Which on the first day drew,

Upon the tablets blue,

The dancing Pleiads and eternal men.

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A good weekend – My father and step-mother came to visit; a reunion of sorts with other family members. Both of my nephews came by, as well as their mom.

Worked at a site after they all left, and was gifted by our friend Janice with a new cabernet and some foch grape juice as well. We stopped by our friend Glen’s house (who happens to be the vintner of the cabernet) and had a taste of the new wine. Truly heady stuff.

This is indeed the season of Dionysus/Bacchus, and we celebrate it today with poetry, a bit of history and some lovely art from that very fine French Artist : William Bouguereau. Click on this link to see the full painting: La Jeunesse de Bacchus – The Youth of Bacchus

On the Menu:

The Links

The Chakras… (Alex Gray Animation)

To Dionysus – Hesiod

Excerpts from “The Bacchae”

Have a good one!

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The Links

Aztec ruins unearthed in Mexico

Neglected Event May Reveal Much About Illinois’ Giant Birds of ’77

Interest growing in Earthworks

HOW DID WE GET HERE

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From Hesiod:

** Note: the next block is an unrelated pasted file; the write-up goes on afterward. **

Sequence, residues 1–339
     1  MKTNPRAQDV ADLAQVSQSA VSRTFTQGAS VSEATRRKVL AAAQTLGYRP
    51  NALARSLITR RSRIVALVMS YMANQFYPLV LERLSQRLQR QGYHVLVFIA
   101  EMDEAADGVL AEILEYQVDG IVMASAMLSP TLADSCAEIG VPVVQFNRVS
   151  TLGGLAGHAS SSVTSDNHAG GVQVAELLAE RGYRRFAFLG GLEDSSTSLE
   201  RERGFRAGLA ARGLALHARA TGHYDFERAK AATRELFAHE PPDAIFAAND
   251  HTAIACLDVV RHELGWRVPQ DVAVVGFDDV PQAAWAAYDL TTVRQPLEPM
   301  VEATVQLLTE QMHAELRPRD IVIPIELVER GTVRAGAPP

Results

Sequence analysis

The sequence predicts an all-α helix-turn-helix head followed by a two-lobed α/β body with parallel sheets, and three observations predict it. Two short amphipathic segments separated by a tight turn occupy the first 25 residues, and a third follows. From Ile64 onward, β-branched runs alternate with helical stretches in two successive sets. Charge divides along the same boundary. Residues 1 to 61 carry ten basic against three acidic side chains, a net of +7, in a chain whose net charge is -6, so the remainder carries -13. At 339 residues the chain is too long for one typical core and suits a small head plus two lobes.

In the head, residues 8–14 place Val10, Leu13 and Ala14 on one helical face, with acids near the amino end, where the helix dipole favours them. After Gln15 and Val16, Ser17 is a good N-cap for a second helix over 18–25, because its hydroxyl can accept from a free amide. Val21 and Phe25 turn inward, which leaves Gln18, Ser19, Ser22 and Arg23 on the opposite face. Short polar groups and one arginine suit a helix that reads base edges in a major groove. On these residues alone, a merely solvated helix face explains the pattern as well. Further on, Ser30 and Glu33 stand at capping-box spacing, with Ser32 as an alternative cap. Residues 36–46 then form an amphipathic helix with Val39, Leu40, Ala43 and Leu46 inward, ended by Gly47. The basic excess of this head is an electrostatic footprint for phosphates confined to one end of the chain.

To Dionysus

I will tell of Dionysus, the son of glorious Semele, how he appeared on a jutting headland by the shore of the fruitless sea, seeming like a stripling in the first flush of manhood: his rich, dark hair was waving about him, and on his strong shoulders he wore a purple robe. Presently there came swiftly over the sparkling sea Tyrsenian pirates on a well- decked ship — a miserable doom led them on. When they saw him they made signs to one another and sprang out quickly, and seizing him straightway, put him on board their ship exultingly; for they thought him the son of heaven-nurtured kings. They sought to bind him with rude bonds, but the bonds would not hold him, and the withes fell far away from his hands and feet: and he sat with a smile in his dark eyes. Then the helmsman understood all and cried out at once to his fellows and said:

(-Probably not Etruscans, but the non-Hellenic peoples of Thrace and (according to Thucydides) of Lemnos and Athens. Cp. Herodotus i. 57; Thucydides iv. 109.-)

`Madmen! What god is this whom you have taken and bind, strong that he is? Not even the well-built ship can carry him. Surely this is either Zeus or Apollo who has the silver bow, or Poseidon, for he looks not like mortal men but like the gods who dwell on Olympus. Come, then, let us set him free upon the dark shore at once: do not lay hands on him, lest he grow angry and stir up dangerous winds and heavy squalls.’

So said he: but the master chid him with taunting words: “Madman, mark the wind and help hoist sail on the ship: catch all the sheets. As for this fellow we men will see to him: I reckon he is bound for Egypt or for Cyprus or to the Hyperboreans or further still. But in the end he will speak out and tell us his friends and all his wealth and his brothers, now that providence has thrown him in our way.”